Tobias Bumm/ December 14, 2020/ Uncategorized

Financial service providers and companies have the obligation to protect the financial system from criminal abuse. But the processes to detect money laundering and fraud are often characterized by a high level of manual, repetitive and data-intensive work. Thanks to Artificial Intelligence (AI), the financial sector has cost-effective opportunities to more effectively counter financial crime.

Banks are treading a fine line

While AI can have great contributions to the fight of financial crime, one of the biggest flaws with AI at present are false positives. Those are transactions that did alert and, after being investigated, prove not to be suspicious and are therefore falsely alerted. As frustrating as it may be to have exhausted resources on an investigation that could have been resolved at the onset of detection, worse are the unexposed false negatives. Those are transactions that do not alert but should have alerted. Banks are treading a fine line here to make the right decision.

By using AI-solutions, most compliance alerts can be processed quickly and can also be (pre-) decided. That way, a part of the workload, which rests on the compliance employees is significantly reduced. However, one critical problem with using AI for decision making processes is that the machine learning algorithms, though achieving high-level of precision, are not easily understandable for how a recommendation is made. Customers might, reasonably, want to know why their funds are frozen or their credit application was denied. It is therefore very important that the models can be explained and do not represent a black box.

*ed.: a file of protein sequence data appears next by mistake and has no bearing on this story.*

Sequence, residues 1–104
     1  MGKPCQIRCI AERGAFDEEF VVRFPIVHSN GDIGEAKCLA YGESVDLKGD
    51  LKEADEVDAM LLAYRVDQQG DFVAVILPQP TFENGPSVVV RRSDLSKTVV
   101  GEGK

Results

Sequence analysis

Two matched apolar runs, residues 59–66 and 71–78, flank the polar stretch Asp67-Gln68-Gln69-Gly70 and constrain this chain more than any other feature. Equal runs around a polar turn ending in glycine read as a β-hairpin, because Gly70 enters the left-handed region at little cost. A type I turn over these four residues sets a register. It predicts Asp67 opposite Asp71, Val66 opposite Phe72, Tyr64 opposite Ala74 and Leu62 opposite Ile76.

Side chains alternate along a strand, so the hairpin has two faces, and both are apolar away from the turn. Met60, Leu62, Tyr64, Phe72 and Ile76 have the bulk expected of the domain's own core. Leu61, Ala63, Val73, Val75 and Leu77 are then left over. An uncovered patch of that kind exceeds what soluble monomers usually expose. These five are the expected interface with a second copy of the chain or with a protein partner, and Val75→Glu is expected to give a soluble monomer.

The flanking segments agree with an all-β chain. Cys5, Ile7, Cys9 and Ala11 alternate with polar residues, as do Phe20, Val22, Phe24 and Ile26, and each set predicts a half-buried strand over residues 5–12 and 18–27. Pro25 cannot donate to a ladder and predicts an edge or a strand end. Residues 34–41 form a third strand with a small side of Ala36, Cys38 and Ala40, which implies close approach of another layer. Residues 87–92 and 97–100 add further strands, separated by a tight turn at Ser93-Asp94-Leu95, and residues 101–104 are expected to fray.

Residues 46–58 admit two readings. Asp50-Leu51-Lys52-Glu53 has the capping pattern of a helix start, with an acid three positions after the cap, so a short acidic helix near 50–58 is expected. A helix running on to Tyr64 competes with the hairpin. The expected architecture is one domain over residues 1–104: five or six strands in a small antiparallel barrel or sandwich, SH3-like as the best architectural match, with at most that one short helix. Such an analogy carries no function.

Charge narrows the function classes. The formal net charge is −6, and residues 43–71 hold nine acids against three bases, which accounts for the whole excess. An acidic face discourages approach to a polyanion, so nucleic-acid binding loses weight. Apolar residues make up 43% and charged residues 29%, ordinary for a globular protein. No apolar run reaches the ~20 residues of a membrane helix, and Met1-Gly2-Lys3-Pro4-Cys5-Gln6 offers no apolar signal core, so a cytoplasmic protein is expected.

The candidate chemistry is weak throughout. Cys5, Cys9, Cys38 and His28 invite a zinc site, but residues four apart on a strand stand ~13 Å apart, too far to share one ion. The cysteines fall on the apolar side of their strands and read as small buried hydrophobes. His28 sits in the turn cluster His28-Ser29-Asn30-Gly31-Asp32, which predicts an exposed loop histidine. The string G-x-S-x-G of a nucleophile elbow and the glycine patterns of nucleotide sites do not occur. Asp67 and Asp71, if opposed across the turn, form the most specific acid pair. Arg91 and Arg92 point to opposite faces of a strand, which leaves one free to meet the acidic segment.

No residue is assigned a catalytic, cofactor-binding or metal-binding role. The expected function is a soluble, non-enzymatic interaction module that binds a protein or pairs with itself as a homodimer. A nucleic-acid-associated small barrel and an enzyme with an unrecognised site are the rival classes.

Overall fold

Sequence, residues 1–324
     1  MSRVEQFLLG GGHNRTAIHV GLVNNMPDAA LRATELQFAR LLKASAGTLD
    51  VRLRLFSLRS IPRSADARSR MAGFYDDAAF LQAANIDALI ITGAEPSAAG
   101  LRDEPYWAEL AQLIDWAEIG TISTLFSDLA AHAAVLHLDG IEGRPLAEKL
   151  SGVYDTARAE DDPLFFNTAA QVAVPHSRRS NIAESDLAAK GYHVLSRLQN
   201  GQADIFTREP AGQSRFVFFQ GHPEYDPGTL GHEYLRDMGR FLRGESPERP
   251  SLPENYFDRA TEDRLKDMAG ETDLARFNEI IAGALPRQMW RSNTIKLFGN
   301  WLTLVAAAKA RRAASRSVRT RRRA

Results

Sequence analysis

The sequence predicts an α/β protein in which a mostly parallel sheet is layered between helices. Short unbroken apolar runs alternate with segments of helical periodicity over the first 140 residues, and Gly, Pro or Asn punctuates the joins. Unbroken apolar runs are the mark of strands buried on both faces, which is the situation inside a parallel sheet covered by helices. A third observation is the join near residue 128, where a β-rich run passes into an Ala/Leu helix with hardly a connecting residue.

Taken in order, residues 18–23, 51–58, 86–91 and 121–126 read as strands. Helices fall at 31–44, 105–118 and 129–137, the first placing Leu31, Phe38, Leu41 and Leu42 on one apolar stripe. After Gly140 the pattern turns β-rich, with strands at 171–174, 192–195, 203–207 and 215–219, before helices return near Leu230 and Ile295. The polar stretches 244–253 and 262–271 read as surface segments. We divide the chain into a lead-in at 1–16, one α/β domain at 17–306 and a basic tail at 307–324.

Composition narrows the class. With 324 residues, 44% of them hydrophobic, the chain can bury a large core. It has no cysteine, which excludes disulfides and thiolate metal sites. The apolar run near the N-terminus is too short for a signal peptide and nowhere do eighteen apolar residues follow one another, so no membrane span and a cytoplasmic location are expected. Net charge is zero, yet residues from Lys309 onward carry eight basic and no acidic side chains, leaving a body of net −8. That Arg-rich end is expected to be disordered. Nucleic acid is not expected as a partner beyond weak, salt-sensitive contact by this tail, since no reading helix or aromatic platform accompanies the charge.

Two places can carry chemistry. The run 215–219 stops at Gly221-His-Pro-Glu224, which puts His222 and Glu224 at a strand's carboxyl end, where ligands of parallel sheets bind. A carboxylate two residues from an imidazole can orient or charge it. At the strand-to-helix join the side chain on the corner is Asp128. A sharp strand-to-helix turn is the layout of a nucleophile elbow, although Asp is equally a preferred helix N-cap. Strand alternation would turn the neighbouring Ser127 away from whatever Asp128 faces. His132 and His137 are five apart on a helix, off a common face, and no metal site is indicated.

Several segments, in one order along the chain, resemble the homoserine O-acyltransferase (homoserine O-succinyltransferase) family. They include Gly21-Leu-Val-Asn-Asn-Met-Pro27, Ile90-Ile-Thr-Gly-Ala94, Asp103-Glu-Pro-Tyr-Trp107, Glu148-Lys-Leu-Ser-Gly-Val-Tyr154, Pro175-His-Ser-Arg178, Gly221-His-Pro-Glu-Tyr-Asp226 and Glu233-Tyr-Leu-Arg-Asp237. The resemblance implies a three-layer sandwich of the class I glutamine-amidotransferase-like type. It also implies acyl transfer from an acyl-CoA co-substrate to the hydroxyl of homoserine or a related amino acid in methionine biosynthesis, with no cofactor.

Opening the Black Box?

Explainable AI (XAI) is an important development and has been guiding AI to make models explainable, transparent, and comprehensible. It enables humans to understand the models to effectively manage the benefits that AI systems provide, while maintaining a high level of prediction accuracy. In order to provide model transparency, many institutions are experimenting with machine-based approaches combined with transparency techniques such as LIME or Shapley values. The latter example is a unified approach to explain the output of any machine learning model. Therefore, every feature used in the model is given a relative importance score: a SHAP value. Those SHAP values break down a prediction to show the impact of each factor and can for example explain why a customer’s credit application got denied.

However, those models and applications are constantly being developed and improved. But compliance officers and employees will continue to play a major role in all processes in the foreseeable future.


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